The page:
Did you know that 74%* of people suffer from speech anxiety, or glossophobia, and more people are afraid of public speaking than of dying?
I don’t know about you, but I find those stats oddly comforting.
Knowing that I’m not the only person that experiences the shaking hands, wobbly legs, racing thoughts, extreme sweating and quivering voice that occurs when standing up to speak in front of an audience is the one thing that makes me feel better about how awful it feels.
Previously, I wrote about how the Toastmasters Speechcraft course allowed me to develop greater confidence in myself and in my ability to speak in public, as someone who has social anxiety.
In this blog, I’d like to talk about six of the practical public speaking skills and valuable lessons I gained from participating in this course.
6 practical public speaking skills I’ve learned to manage speech anxiety:
I’m sure this won’t be the first time you’ve been told to breathe when you’re struggling against those public speaking nerves. It always seemed to me to be a cop out piece of advice… like, how will breathing help me suppress the overwhelming urge I feel to run away and hide under the bed covers forever?
But it actually works, if you let it. Reminding yourself to take deep breaths will help to slow down your words and your heart rate, which will help to ease the tension in your voice and shortness of breath. It will also help your brain catch up with your mouth so that you’re more aware of what you’re saying and how you’re saying it.
If you’re someone who experiences a terrifying mind blank when you forget your speech or are asked a question you don’t know how to respond to, allow yourself a moment to breathe, and you’ll find it’s easier to begin speaking again.
2. Know your material
One of the most important lessons I learned from attending a Speechcraft course was that if you plan to talk about something you are passionate about or a topic you know well, you will feel more confident delivering the talk.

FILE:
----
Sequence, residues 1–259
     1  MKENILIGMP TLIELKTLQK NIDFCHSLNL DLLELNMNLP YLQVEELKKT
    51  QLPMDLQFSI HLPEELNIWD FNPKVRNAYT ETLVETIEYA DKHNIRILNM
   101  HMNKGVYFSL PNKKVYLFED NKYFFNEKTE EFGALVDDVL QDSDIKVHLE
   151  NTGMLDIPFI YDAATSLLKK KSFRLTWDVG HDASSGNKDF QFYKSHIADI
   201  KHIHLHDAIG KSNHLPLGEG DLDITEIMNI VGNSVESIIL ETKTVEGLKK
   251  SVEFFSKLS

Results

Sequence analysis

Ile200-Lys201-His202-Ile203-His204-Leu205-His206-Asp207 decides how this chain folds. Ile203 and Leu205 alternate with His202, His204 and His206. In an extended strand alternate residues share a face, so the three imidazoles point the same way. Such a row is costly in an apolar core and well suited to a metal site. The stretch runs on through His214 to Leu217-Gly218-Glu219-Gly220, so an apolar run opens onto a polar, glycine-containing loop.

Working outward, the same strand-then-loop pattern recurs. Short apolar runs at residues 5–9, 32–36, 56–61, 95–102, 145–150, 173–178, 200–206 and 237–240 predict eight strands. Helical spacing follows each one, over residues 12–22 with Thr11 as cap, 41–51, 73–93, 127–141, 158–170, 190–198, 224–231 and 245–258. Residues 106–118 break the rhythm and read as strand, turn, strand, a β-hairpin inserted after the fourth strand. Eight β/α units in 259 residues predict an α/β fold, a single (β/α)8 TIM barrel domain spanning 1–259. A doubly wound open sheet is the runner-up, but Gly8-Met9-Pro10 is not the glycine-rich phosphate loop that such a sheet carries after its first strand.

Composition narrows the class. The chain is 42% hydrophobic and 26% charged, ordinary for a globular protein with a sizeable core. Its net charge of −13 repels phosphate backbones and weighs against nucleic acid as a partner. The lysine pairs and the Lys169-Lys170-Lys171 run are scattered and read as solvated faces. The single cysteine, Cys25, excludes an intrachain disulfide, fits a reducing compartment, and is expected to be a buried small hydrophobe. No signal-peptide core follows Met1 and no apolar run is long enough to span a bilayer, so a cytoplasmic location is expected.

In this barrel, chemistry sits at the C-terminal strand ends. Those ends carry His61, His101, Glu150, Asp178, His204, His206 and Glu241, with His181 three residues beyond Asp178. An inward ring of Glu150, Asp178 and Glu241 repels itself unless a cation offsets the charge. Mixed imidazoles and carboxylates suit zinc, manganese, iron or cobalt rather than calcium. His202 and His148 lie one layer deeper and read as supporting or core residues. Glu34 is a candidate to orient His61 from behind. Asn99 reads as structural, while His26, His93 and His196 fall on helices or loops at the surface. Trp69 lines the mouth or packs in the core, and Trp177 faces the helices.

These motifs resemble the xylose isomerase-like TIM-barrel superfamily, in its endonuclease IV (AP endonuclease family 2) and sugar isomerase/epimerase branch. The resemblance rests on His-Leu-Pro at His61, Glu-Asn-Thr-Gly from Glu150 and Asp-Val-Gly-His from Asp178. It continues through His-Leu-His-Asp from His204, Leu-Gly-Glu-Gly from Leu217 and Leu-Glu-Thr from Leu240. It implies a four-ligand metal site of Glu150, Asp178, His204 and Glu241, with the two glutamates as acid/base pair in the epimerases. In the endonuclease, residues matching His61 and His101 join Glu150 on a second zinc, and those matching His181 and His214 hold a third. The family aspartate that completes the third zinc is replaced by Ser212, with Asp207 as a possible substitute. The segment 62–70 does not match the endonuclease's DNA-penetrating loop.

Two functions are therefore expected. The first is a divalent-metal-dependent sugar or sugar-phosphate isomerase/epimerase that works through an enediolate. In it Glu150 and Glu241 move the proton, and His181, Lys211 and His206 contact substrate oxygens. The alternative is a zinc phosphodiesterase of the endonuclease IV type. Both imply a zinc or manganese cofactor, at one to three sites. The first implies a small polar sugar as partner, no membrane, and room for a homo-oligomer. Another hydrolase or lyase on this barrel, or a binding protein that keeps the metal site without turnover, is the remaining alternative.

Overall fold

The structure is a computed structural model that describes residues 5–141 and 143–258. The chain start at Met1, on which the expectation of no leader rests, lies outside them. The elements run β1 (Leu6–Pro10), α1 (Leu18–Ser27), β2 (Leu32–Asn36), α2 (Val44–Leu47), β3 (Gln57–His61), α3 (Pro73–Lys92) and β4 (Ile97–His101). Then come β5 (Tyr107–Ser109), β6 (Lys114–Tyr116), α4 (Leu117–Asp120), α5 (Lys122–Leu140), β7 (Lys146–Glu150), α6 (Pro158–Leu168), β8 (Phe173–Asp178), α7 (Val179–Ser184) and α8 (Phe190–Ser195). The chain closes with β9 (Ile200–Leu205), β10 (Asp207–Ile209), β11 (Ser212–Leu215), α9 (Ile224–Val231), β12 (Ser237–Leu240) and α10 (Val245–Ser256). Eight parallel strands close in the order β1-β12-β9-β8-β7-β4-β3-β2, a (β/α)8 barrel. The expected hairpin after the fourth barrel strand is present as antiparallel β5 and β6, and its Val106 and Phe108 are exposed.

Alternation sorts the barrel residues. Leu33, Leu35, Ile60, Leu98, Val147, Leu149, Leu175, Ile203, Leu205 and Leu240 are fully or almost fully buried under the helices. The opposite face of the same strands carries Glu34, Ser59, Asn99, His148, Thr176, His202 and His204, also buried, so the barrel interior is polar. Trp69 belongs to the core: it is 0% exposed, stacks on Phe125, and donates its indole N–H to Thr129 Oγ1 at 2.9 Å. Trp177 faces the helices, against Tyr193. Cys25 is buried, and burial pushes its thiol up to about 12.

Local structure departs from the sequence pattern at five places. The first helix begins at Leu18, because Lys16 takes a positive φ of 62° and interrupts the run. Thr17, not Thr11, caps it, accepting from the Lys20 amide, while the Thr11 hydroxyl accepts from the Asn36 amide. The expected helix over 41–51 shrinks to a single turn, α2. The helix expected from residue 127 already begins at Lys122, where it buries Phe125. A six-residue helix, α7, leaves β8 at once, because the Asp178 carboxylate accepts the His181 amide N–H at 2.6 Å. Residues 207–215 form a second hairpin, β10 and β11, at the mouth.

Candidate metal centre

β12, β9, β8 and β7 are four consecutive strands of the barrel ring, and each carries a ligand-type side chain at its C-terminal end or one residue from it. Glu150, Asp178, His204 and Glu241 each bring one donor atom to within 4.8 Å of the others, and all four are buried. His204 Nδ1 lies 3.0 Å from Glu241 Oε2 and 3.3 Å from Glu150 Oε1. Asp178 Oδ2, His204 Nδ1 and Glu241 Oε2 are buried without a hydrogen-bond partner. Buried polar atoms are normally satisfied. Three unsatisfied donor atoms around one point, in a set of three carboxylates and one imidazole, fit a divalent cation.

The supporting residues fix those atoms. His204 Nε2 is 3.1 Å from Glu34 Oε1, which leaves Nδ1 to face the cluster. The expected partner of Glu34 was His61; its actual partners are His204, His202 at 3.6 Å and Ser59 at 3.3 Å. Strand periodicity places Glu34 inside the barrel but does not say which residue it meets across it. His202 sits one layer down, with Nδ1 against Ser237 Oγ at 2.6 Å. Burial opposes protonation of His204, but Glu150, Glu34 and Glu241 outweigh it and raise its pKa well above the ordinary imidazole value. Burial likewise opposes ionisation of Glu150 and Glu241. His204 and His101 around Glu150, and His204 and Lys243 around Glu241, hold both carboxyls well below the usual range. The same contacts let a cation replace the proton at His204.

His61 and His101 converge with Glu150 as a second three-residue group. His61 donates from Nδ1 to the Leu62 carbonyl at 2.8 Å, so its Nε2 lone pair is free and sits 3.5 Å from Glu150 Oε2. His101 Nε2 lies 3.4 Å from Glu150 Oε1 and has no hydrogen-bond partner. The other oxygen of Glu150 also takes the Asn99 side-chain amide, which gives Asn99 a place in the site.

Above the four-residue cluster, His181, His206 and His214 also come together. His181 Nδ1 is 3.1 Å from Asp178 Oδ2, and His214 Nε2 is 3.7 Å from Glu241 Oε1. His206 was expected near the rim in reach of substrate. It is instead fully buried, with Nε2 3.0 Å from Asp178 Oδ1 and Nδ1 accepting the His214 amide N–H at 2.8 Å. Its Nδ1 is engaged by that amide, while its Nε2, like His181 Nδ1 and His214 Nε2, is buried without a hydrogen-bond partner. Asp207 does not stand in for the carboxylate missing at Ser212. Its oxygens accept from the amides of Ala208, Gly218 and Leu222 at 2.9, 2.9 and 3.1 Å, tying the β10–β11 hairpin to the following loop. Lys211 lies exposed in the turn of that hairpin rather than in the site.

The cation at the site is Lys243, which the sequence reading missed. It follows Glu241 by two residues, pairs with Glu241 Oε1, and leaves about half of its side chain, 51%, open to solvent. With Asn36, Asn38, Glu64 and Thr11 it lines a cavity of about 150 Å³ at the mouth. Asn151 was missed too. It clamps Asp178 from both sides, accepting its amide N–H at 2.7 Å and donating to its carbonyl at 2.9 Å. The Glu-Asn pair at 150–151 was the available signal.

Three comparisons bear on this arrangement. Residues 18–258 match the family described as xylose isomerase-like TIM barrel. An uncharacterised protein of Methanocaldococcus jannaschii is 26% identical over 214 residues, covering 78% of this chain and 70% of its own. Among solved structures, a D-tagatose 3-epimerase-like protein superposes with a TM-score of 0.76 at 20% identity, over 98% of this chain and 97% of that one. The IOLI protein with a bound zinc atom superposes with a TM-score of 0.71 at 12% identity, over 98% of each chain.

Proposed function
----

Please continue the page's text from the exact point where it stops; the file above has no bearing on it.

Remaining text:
What topic do you know the most about? Yourself.
The second part to this tip is one you might have been expecting, and that is to learn your speech and practise it, over and over again, until you know it.
There is a difference between knowing your material and memorising your speech word for word. Don’t get hung up on memorising each word of your speech because if you do happen to forget one, this is when you will stumble. As long as you know the key points you want to make, the segues and the introduction and conclusion, you will be able to adapt if you forget a few words or a section, and still be able to deliver a strong presentation.
3. Don’t draw attention to your nerves or apologise for them
I remember someone telling me once that it was ok to tell the audience you were nervous because everyone can relate to that feeling before speaking in public, and by making a joke about it, you help yourself relax.
Toastmasters helped me realise that if you don’t tell people you’re nervous, it’s more than likely that they wouldn’t know.
I’ve always assumed when people tell me I seemed calm and in control when presenting they were just being kind to me, because they could see I was a nervous wreck. Having gone to Toastmasters and seen this scenario play out before my own eyes, I can say with certainty that a lot of the time people can’t tell when the person presenting is nervous.
So don’t draw attention to your nerves. You never know, you might just be fooling everyone, and even if they do pick up on some physical signs of your anxiety, they’ll soon forget them as you continue to speak and grow in confidence.
4. Fake it til you make it
That being said, yes, you may demonstrate physical signs of your nerves when delivering your speech. Some of the most common giveaways can be the use of filler words such as ‘um’ or ‘so’ or ‘like’ or ‘uh’, lack of eye contact (i.e. staring at your feet), clasping your hands together, and the pace, tone and strength of your voice.
The key to overcoming these physical symptoms is to do all you can to control them by ‘faking it til you make it’. If you can do this successfully, the audience will be none the wiser of your inner anxious dialogue.
Here are some of the tips we learned to help us fake public speaking confidence:
- If you find yourself using filler words a lot, consciously make the decision to pause and take a breath when you’re not sure what to say. This allows your brain to catch up with your mouth so that each word that leaves your mouth has meaning and purpose.